2010 began in Slovakia

All photographs on this post are Copyright © Michael Moran

Nikon F2 and Leica D-Lux 4

Click on to enlarge

Pieniny National Park, Poland

Niedzica Castle, Pieniny, Poland

Mlociny Park near the author's home, Warsaw, Poland

View from the author's study, Mlociny, Warsaw, Poland

The High Tatras near Kezmaroc, Slovakia

Spis Castle near Levoca, Slovakia

15th Century Thurzo House, Levoca, Slovakia

Renaissance Strazky Manor, Kezmaroc, Slovakia

I spent an excellent week in the Pieniny range of mountains and national park in the Tatras in the south of Poland before New Year. Niedzica Castle was as wonderful as ever with French champagne (chilled Laurent Perrier NV - my favourite NV) on the high tower at twelve with lots of fireworks. Demanding walks up and down the rutted tracks on the pine-forested slopes of the park. Poland has some of the best hiking in Europe with excellent maps and clearly marked routes.

The excursion into Slovakia was a revelation. This spectacular country is so seldom written about (only one Brandt Guide exists). Such picturesque landscape particularly the snow-covered High Tatras. Evocative wooden Orthodox churches dot this region - the finest collection in Europe. The originally 14th century unknown multicultural region of the Spis is fascinating.

First to white Strazky Manor on the Poprad River, a 16th century Renaissance mansion where the French film director Alain Robbe-Grillet (Last Year in Marienbad) shot L'homme qui Ment (The Man who Lies). Then on to the Renaissance town of Levoca and Spis Castle. This monumental construction on a hill above a plain once seen can never be forgotten. Reminded me of Krak de Chevalier in Syria.

Now back in Warsaw where it is -16C at night and -8C during the day under tons of snow. Very picturesque where I live in Mlociny. Deer feed daintily in the snow on the slopes near the Palac Bruhla before my writer's window.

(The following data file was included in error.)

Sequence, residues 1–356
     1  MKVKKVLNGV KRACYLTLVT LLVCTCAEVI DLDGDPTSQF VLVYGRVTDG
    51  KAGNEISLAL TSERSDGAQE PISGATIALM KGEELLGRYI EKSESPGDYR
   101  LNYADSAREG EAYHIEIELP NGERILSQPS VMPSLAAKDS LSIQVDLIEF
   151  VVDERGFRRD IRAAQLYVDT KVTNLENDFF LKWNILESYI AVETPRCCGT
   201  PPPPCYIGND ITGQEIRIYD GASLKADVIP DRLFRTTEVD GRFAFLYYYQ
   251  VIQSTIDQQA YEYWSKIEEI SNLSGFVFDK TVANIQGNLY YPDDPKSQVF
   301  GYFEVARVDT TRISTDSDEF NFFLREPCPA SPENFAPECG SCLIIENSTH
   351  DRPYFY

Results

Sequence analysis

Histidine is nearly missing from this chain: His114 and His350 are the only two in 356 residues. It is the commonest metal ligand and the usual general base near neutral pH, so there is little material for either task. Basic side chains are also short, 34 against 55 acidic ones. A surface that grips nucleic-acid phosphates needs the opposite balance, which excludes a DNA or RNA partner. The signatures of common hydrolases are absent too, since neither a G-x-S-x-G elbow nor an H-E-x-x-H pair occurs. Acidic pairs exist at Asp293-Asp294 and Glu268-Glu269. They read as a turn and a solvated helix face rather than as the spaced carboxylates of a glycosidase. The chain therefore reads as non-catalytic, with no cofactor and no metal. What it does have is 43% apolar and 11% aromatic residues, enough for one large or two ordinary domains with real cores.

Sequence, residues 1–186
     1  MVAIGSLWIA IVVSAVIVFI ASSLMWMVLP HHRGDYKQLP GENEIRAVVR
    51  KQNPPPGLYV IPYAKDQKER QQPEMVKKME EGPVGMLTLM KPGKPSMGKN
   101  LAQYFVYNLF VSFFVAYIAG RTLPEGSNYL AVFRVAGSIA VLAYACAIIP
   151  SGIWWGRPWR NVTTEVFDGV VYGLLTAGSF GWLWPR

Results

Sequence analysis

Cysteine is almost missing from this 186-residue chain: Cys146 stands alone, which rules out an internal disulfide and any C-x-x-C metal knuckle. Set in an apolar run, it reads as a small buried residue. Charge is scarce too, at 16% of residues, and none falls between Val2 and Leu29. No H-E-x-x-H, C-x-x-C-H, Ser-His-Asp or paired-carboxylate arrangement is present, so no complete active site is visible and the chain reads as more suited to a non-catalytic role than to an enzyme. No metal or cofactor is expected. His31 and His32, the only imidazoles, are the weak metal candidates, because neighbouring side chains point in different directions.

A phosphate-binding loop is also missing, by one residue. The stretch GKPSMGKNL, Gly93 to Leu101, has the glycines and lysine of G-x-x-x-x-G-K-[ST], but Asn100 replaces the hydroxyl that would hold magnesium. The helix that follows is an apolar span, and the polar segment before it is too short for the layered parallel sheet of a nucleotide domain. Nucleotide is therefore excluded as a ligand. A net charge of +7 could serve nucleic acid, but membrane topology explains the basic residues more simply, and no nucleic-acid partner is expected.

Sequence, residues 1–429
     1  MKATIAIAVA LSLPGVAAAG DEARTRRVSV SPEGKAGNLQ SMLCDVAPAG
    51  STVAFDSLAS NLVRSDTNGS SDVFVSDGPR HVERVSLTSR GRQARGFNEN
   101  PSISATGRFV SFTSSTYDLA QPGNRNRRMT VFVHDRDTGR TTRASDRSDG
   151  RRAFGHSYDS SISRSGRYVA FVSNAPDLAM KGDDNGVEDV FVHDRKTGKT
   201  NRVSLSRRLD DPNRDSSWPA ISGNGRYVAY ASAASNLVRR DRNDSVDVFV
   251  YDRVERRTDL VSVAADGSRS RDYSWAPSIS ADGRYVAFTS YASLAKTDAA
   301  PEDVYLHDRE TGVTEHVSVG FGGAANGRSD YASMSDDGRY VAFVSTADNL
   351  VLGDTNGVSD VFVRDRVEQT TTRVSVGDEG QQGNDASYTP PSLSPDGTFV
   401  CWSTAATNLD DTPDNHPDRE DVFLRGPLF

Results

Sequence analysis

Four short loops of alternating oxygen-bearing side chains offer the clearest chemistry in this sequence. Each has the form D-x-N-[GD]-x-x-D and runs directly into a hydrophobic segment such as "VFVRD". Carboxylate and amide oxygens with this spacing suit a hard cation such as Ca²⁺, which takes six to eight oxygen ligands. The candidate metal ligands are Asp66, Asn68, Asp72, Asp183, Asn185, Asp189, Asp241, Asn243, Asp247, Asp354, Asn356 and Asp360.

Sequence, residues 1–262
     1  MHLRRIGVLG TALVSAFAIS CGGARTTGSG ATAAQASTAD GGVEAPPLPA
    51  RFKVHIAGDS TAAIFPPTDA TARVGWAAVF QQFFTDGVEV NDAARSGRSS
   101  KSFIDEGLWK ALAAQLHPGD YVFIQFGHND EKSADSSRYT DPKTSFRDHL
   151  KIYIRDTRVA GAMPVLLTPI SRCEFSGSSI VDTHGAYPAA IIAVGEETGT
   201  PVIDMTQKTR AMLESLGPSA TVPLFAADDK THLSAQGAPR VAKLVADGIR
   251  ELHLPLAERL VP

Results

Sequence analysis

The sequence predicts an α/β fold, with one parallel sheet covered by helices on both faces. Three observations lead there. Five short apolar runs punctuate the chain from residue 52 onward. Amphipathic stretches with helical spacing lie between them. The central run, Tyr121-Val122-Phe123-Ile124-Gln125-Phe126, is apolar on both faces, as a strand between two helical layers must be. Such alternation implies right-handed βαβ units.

I am working hard on the Australian concert pianist book. Remarkable discoveries. Edward Cahill (see previous post) even played Chopin and Liszt in the Shagai Fort at the entrance to the Khyber Pass on the largest concert tour of Asia ever mounted at that time. It was organised by the impresario Frederic Shipman who managed the beautiful Annette Kellerman dubbed 'The Perfect Woman' as she had the exact vital statistics of the Venus de Milo. No not a fashionable shape today - more's the pity!

The opening concert of Chopin 2010 in Warsaw with the Chinese pianist Lang Lang was rather a disappointment for a purist like myself. The Andante Spianato was over sentimentalised, the Grand Polonaise virtuosic but rumbustious and the concerto entirely predictable and full of cliched haltings and rushings. He has fabulous finger technique, beautiful tone but is too much of a showman in the Liberace mould for my taste and plays to, and often flirts with, the cameras. Chopin requires a noble, refined and restrained style of contained romanticism not a physical Olympic display. Why did not the Chopin Institute choose a young Polish pianist who understands the 'Polish element' in Chopin? Because promoting 'Chopin the Brand' as opposed to 'Chopin the Soul' seems to be driving this year rather than artistic considerations. Well, we shall see as the year progresses...


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